Friday, 30 March 2007

Gabriel Garcia Marquez has appeared in public to receive a "special tribute" at the International Congress of Spanish Language, reports Frank Bajak in The Guardian.

The crowd gave him a standing ovation. Marquez "clasped his hands above his head like a prizefighter as he entered the auditorium" before recounting the days of poverty that preceded the publication of the formidable One Hundred Years of Solitude.

Fifty million people have now read the book, which took 18 months to write.

Bill Clinton said that Marquez is "the most important writer of fiction in any language since William Faulkner died".

Strange that The Literary Saloon failed to cover the story.

In other Marquez news, The New York Times publishes a photo of the writer with a black eye given to him by Mario Vargas Llosa. I mentioned the story earlier this month.

A Mexican newspaper, La Jornada, used the photo on the cover of its 6 March issue. Photographer Rodrigo Moya said that "his friend Mr. García Márquez had asked him to take his portrait with a black eye". Pablo Espinosa, the newspaper's cutural editor, said that Moya was asked to write an essay to accompany the photo because "not everybody knew the particulars" of the famous story.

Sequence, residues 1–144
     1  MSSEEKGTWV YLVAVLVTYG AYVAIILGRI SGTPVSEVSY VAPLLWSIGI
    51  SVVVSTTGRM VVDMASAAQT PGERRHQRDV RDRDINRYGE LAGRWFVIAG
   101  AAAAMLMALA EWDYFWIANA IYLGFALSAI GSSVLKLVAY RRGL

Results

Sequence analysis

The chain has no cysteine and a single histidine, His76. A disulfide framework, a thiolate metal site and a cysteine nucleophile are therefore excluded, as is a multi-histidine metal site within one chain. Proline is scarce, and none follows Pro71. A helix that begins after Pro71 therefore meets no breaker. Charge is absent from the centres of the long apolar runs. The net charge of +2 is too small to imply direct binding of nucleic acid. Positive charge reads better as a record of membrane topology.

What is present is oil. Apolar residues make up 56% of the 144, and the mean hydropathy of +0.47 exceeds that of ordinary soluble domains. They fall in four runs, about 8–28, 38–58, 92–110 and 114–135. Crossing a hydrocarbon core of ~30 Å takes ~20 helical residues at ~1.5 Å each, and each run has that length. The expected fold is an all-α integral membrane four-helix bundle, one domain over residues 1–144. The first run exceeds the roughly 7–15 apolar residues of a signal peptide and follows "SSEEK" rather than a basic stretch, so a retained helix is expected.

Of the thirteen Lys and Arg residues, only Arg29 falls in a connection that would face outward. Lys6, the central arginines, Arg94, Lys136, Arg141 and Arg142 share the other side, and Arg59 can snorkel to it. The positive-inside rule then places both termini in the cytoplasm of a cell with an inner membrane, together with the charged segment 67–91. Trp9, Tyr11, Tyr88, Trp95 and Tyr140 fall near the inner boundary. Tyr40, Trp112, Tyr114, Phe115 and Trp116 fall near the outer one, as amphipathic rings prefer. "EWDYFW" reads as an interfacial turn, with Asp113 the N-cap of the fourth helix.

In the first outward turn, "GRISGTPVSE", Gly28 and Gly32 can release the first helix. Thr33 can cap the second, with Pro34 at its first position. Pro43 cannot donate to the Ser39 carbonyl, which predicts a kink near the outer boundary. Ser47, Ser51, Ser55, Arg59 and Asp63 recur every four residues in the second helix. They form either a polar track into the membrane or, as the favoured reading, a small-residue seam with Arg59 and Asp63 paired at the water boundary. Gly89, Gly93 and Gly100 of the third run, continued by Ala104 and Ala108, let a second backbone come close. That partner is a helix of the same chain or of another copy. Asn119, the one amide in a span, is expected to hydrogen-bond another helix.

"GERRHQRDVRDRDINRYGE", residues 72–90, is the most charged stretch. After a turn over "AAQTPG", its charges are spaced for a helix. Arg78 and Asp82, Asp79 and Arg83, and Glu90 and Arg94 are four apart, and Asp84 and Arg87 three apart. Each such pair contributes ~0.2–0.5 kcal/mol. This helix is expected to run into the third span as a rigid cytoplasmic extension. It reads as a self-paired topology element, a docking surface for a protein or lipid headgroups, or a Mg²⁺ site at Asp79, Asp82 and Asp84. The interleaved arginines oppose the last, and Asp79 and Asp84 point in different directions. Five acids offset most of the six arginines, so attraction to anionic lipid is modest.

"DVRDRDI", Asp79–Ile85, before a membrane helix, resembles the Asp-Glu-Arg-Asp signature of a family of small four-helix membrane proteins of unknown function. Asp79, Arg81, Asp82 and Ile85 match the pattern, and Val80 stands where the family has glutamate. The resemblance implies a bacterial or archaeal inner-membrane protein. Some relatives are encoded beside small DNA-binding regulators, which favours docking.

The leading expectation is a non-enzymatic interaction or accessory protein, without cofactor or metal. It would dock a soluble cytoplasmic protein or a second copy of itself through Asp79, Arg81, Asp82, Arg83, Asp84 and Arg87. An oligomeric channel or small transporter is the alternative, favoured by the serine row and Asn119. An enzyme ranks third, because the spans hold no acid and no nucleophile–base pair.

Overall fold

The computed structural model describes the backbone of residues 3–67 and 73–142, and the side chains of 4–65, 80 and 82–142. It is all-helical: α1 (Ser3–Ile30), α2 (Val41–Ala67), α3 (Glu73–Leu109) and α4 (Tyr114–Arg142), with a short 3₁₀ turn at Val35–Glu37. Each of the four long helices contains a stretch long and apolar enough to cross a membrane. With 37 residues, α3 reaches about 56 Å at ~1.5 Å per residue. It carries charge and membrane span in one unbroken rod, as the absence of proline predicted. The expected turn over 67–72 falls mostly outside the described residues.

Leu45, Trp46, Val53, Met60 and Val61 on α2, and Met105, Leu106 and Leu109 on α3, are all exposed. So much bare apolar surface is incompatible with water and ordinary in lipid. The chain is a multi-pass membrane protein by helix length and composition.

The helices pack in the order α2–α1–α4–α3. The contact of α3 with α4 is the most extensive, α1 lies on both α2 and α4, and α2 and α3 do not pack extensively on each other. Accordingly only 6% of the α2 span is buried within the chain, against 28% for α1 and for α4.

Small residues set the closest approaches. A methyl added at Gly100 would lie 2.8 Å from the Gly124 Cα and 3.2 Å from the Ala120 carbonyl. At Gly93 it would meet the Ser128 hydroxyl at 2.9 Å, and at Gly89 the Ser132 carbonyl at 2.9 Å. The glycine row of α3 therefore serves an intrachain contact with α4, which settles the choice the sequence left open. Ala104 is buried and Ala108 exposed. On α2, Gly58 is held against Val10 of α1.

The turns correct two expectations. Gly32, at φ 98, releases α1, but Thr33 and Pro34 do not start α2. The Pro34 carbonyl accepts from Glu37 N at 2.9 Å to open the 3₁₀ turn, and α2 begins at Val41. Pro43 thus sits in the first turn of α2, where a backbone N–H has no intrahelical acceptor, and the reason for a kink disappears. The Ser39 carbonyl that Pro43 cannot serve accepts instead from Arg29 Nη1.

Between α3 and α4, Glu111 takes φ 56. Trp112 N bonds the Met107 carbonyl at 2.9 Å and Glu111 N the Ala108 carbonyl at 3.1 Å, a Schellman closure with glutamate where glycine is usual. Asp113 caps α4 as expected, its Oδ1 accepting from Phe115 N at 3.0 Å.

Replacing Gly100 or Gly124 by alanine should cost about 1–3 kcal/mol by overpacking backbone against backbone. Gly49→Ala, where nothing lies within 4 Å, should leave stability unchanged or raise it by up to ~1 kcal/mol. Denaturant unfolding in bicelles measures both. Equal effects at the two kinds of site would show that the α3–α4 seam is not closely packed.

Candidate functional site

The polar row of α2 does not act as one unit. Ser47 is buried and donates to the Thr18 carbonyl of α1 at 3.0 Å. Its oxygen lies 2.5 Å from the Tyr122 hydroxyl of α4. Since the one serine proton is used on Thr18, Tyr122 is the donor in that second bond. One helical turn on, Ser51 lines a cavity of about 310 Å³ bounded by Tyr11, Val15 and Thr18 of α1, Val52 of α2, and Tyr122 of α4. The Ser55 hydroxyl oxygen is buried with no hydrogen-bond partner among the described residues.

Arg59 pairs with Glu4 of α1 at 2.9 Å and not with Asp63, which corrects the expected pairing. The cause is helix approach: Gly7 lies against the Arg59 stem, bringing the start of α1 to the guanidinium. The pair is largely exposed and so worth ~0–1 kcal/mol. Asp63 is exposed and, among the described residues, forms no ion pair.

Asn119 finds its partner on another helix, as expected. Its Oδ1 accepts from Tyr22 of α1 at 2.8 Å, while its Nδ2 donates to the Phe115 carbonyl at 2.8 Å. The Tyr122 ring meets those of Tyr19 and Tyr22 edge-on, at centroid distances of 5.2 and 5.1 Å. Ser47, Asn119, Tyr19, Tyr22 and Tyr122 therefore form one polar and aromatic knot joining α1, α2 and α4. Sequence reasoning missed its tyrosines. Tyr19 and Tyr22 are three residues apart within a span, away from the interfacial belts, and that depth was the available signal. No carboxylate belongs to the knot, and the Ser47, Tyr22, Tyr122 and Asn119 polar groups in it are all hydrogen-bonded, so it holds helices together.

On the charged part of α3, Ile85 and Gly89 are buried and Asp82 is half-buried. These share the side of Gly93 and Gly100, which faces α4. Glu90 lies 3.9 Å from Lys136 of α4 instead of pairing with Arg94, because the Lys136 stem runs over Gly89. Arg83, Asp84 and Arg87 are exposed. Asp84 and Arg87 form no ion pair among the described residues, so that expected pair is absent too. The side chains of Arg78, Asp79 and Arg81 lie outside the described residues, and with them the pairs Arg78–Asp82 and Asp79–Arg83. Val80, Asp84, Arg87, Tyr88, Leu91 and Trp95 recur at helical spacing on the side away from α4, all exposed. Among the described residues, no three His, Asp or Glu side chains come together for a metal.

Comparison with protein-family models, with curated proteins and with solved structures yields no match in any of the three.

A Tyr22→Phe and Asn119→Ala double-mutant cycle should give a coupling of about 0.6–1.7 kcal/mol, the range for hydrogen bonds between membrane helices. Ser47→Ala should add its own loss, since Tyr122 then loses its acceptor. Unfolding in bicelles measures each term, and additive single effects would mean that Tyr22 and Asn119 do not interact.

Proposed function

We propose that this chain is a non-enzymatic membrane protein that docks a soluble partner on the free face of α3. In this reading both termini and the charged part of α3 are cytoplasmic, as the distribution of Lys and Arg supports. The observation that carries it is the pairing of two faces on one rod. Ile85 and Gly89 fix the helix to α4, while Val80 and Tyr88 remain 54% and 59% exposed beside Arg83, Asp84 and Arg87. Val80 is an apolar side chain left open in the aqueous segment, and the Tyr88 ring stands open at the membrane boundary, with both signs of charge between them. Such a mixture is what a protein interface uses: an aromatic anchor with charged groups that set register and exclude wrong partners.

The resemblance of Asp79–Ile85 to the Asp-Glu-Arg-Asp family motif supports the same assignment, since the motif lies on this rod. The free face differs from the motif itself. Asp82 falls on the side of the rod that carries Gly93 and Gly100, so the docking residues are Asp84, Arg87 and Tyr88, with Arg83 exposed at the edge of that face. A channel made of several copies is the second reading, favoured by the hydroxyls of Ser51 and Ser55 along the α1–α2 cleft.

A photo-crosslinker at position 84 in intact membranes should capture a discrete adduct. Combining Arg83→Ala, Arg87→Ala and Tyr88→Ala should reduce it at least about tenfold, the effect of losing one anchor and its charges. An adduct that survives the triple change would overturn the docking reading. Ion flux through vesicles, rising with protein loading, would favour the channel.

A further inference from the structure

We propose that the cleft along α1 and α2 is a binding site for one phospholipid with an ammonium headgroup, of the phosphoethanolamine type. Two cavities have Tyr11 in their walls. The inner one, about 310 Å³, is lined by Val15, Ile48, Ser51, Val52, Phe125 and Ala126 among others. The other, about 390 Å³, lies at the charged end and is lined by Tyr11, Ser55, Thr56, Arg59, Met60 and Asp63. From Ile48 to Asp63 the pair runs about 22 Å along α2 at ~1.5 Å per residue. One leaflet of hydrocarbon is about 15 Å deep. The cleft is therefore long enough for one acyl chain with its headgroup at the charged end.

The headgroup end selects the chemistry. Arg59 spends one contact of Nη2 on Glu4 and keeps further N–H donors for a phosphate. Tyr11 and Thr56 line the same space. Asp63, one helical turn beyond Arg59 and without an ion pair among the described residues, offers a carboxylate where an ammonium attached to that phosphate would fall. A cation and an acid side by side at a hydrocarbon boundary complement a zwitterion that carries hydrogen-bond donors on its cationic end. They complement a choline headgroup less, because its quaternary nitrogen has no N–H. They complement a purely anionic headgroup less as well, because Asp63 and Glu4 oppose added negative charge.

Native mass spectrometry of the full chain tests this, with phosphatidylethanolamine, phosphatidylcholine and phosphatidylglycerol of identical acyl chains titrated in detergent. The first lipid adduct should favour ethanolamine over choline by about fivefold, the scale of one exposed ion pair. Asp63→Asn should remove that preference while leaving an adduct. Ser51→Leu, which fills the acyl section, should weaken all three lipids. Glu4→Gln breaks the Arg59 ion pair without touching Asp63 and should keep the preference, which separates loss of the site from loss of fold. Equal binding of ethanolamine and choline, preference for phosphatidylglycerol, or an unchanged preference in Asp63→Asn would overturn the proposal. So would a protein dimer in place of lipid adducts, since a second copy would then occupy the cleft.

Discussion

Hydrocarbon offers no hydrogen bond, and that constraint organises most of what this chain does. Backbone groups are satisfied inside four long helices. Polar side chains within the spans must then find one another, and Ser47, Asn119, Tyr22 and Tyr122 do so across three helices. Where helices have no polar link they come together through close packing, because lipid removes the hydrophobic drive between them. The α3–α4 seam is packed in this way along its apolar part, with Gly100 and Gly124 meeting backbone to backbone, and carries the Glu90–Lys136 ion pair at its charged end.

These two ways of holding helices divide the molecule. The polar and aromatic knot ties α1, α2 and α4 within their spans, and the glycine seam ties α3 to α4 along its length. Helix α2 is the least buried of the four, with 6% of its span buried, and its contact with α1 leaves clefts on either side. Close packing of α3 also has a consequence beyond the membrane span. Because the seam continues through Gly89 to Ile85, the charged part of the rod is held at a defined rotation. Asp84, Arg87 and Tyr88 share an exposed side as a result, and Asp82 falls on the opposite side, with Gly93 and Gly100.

Vargas Llosa hit Marquez at a cinema in Mexico City in 1976.

On Marquez' reason for having the photo taken, Moya said: "He is very meticulous and likes to document his life in different moments. He just had the idea that he wanted to have a picture with a black eye."

1 comment:

Anonymous said...

Gabriel García Marquez was born on March 6, 1928 in Aracataca, a town in Northern Colombia, where he was raised by his maternal grandparents in a house filled with countless aunts and the rumors of ghosts. But in order to get a better grasp on García Márquez's life, it helps to understand something first about both the history of Colombia and the unusual background of his more